BOSTON (CBS) — How far would you go to protect yourself if you knew you carried a gene that caused a deadly form of cancer and watched your brother die of the disease?
One local family went to extreme measures to help save themselves from a rare form of stomach cancer.READ MORE: Rally Calls For Asian Studies To Be Added To School Curriculum In Massachusetts
80-year-old Mary Walsh has been battling colon cancer since 2005. That same year, her son Steven was also diagnosed with stomach cancer.
By chance, Mary’s doctor just happened to notice that both of their cancers were caused by the same rare genetic mutation. So after Steven died, all four of his surviving siblings got tested to see if they also carried the same gene.
Mary Walsh explains, “We’re sorry we lost him but because of him we were able to save the others.”
Even before they were tested, all of Mary’s kids decided that if they did have the mutation, they would take a drastic step — undergo surgery to have their stomachs removed. Only one brother didn’t have the gene. The other three siblings did.READ MORE: Dorchester Grandmother Killed By Stray Bullet While Sitting On Porch Identified As Delois Brown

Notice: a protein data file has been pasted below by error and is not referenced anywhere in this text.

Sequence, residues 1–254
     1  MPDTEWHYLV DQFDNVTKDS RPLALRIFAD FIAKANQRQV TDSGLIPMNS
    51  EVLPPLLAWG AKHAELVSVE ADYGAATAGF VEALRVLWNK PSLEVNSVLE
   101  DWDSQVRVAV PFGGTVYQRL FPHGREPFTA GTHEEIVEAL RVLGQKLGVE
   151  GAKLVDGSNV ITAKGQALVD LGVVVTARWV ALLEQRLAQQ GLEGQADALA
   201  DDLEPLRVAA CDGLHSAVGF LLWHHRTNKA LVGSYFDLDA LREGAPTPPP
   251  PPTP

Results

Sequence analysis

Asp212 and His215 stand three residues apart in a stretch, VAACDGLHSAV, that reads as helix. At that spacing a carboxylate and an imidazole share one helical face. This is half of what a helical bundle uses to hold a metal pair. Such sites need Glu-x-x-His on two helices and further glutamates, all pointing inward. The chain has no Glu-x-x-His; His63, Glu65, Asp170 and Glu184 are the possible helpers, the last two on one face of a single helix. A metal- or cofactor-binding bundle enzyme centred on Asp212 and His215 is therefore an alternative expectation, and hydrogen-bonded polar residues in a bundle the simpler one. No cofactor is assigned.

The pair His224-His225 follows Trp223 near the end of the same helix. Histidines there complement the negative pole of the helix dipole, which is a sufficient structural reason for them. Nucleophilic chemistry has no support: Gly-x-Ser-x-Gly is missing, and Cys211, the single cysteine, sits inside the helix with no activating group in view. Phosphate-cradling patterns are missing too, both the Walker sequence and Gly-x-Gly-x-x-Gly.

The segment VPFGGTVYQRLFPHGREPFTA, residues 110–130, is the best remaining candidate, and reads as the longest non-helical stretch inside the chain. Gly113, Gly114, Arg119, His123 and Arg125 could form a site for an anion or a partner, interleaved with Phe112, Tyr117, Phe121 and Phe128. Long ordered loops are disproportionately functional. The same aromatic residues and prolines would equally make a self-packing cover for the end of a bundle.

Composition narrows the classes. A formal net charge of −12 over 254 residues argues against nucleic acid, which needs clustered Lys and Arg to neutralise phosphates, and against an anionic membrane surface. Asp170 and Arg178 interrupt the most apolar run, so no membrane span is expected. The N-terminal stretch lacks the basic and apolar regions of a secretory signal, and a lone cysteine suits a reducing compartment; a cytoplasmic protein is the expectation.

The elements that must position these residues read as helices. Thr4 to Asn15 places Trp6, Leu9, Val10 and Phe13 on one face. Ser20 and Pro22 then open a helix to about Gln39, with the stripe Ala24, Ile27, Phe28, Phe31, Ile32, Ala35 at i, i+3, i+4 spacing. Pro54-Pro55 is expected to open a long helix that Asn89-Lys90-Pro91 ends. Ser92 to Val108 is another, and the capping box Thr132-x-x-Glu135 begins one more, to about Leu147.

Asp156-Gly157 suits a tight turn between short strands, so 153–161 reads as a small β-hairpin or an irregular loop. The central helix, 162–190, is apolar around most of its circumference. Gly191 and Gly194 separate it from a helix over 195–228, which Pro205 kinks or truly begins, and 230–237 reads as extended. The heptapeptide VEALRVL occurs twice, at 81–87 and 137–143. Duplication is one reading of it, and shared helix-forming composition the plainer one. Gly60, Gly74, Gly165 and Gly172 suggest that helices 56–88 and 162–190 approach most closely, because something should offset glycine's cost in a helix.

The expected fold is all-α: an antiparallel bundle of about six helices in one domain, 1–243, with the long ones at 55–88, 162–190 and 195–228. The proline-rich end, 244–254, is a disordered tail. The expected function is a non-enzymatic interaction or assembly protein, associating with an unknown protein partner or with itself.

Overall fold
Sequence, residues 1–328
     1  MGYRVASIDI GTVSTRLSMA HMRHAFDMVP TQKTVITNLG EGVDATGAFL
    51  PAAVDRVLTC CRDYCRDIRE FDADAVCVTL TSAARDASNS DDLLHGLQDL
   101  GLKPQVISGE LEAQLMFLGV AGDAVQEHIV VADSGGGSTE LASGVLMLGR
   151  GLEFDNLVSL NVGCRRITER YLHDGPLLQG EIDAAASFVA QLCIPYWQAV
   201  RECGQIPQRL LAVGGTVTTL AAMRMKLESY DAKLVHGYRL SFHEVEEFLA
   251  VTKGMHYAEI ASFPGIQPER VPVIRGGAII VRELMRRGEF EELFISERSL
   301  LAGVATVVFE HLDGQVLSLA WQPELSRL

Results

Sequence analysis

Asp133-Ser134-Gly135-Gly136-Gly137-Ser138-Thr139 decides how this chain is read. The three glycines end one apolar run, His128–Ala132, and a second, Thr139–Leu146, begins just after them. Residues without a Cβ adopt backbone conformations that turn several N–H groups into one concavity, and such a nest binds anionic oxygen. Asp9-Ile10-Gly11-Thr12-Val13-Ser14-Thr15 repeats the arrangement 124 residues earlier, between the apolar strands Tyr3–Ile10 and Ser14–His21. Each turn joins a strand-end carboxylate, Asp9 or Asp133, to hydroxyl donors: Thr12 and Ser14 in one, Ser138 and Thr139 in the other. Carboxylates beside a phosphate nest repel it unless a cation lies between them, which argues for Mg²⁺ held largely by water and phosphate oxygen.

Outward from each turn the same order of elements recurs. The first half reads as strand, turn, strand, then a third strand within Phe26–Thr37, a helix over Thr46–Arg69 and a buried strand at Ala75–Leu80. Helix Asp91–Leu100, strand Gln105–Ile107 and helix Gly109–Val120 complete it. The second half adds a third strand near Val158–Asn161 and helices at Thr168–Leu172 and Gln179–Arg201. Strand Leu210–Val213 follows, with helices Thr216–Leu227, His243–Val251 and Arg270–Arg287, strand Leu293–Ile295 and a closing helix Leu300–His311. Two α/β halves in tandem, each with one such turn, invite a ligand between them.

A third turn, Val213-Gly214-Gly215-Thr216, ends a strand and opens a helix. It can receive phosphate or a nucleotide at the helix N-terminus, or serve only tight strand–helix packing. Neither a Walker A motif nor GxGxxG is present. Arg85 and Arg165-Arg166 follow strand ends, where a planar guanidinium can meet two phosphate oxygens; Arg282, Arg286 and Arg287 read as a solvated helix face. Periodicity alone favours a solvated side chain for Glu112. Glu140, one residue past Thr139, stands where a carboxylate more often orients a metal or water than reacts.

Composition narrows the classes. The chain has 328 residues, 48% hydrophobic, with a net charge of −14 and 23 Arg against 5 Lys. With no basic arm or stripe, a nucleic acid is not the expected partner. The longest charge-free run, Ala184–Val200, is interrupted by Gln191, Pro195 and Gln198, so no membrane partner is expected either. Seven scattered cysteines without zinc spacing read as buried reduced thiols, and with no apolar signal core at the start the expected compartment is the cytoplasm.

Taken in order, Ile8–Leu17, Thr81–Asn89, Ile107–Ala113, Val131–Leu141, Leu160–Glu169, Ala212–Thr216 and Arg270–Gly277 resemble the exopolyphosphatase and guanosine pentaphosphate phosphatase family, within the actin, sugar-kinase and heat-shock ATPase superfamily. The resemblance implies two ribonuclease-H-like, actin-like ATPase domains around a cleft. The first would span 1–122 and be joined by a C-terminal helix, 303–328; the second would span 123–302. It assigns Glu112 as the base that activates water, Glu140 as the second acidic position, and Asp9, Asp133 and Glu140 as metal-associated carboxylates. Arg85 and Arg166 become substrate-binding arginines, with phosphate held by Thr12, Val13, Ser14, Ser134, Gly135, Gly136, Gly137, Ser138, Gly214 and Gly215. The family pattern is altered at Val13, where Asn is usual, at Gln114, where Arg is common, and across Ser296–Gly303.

Beth Lambert explains, “When we first learned about this, it was shocking to us, we didn’t know you could live without a stomach but when you look at the option and we saw our brother Steve really suffer and that made the decision really easy.”
Michael Walsh agrees, “After watching our brother going through being sick, was really the only choice we had.”
It was a choice that saved their lives because it was only after the surgery that doctors discovered that all three siblings did in fact have stomach cancer.
So now all of their children are getting tested; three of Shannon’s cousins have already tested positive for the gene.
“It makes me feel a lot better to know that you can do something about it if I do have it.”MORE NEWS: Water Conservation Urged In Massachusetts Amid Dry Spell
The Walsh family is now working with a group called No Stomach for Cancer to help educate families and doctors about the rare hereditary cancer their family suffered from. They’re hoping their story will encourage others to learn more about their genetics and their families November has been declared Stomach Cancer Awareness month.